Last week we gave you a glimpse into the very non-traditional world of using bullet weights with your steelhead and salmon flies. Today, more details!
Next time you’re at the vise setting strategy for the ultimate Alaska West or BC West fly program, consider tying a bunch of flies without any weight. Tying on plastic tubes is ideal for this situation. Then, head to the tackle store and get yourself a few 15 packs of bullet weights. We like sizes ranging from 1/64, to 1/32 and 1/16 oz. For going super deep quickly, the ¼ oz. option and a helmet works great, just remember your Advil. Naturally, lifting a payload like this is also where the shorter Skagit heads like the Skagit Compact or even better, the Skagit Switch on a full-length two-handed rod shine.
Once your guide drops you in the run, talk over the situation and where you both think the fish are holding. Then, slide the appropriate-sized bullet weight up the leader 5-7’ long (or don’t use any weight and 3’ leader on the first pass) and rig your tube. Proceed to dominate in any part of the water column, because you can adjust your weight to find the perfect fishy zone during the critical part of the swing. Smile big. Then, sleep tight.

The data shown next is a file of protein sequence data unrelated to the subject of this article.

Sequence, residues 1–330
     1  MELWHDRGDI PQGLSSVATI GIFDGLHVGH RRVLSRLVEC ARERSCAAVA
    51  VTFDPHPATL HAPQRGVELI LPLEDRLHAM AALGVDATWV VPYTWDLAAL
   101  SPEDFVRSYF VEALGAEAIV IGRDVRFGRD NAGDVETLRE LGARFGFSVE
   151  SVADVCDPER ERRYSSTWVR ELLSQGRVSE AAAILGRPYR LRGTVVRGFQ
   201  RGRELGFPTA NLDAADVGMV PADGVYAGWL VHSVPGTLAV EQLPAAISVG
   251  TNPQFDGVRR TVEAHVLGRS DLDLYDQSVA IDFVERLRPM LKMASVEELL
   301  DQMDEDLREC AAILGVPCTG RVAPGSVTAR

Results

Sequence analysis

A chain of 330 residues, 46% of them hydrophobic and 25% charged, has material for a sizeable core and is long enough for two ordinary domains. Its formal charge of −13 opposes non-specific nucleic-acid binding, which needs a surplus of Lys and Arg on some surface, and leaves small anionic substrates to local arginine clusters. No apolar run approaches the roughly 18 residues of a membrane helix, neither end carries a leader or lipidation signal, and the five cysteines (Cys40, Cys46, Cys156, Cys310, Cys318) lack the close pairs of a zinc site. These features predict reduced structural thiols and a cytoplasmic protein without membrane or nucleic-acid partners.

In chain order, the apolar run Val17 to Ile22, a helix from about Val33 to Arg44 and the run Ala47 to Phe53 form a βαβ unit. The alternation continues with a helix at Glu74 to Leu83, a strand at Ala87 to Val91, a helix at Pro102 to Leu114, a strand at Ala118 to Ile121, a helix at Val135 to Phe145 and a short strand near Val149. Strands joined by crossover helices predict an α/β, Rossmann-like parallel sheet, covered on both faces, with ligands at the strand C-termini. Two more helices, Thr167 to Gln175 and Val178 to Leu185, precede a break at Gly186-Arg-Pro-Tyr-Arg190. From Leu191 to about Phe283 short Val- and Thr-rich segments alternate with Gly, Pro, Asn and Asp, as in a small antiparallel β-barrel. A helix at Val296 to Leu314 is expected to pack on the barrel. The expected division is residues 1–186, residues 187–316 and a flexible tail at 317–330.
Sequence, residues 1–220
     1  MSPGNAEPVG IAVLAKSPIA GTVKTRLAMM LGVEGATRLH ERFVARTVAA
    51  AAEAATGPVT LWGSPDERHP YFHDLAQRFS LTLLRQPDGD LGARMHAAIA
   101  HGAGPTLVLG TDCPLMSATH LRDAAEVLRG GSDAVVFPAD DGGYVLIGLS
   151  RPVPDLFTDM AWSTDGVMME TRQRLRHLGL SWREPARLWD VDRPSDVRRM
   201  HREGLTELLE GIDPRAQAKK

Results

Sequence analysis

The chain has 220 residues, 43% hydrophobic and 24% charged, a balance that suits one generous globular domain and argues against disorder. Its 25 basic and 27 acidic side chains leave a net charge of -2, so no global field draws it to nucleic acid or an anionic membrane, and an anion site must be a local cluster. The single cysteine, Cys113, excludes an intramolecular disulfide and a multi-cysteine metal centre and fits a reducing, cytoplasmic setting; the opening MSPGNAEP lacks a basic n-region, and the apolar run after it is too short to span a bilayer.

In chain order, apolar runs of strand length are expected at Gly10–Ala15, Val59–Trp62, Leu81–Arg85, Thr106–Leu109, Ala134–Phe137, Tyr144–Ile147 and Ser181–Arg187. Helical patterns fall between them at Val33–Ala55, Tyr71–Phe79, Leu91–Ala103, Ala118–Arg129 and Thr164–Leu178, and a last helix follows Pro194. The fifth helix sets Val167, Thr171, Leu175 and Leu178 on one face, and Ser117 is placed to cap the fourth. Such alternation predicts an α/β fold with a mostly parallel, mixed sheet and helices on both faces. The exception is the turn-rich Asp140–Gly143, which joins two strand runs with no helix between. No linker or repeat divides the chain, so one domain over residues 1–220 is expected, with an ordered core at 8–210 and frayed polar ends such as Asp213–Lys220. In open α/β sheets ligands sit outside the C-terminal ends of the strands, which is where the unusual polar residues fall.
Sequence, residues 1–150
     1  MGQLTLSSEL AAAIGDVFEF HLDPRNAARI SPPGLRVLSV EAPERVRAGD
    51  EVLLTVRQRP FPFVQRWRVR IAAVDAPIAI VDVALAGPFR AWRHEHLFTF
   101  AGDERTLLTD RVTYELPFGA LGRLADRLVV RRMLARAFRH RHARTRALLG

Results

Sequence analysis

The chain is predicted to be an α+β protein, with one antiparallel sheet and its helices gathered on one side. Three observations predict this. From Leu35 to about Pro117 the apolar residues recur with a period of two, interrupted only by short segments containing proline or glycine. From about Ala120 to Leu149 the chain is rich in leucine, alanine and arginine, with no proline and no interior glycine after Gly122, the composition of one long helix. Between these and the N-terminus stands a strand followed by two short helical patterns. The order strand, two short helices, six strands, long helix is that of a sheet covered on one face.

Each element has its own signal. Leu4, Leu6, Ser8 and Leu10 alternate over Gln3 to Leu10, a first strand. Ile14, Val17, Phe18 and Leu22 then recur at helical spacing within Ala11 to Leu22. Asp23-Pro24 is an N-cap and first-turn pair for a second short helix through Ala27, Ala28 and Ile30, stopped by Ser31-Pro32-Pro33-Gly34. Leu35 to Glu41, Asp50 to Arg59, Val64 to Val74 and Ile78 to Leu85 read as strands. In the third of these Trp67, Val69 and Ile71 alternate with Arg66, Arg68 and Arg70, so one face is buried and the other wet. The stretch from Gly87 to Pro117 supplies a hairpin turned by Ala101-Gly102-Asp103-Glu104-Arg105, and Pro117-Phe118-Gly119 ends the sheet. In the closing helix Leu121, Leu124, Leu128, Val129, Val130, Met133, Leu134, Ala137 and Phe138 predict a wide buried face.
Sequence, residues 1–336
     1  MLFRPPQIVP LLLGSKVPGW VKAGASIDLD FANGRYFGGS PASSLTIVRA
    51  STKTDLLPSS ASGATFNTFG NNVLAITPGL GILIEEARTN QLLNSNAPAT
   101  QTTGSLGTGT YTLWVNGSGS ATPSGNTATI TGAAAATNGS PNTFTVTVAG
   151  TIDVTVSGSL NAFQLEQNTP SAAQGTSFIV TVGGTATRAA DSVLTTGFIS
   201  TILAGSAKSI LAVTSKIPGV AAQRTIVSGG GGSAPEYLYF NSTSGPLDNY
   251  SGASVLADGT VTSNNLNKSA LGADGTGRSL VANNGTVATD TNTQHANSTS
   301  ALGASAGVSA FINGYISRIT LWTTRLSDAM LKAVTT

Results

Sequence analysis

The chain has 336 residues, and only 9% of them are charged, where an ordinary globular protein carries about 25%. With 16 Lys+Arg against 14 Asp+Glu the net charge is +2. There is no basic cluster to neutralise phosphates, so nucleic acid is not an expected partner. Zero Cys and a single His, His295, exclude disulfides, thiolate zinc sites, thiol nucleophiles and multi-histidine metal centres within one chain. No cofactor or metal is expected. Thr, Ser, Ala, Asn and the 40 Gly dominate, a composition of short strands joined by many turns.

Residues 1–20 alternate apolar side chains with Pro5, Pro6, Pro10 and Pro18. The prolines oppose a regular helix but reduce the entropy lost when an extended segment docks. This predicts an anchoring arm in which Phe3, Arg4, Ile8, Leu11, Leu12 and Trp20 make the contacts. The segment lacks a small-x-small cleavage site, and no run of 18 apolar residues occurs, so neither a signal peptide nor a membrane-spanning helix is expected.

NOTE: The crittery folks we know who’ve been doing this for years maintain lead bullet weights are the most user friendly, as they won’t fray the leader when sliding up and down it. Tungsten and brass are great too, but they have hard edges than can compromise the leader’s integrity. If you choose to use tungsten or brass, just ‘sleeve’ the weight by sliding a small piece of size extra-small Frodin F.I.T.S. System small-diameter tube material inside the brass or tungsten weight, then secure the tubing in place by burning the ends with a lighter. A small Plano box like the one in last week’s post is super helpful for organizing various-sized weights, too.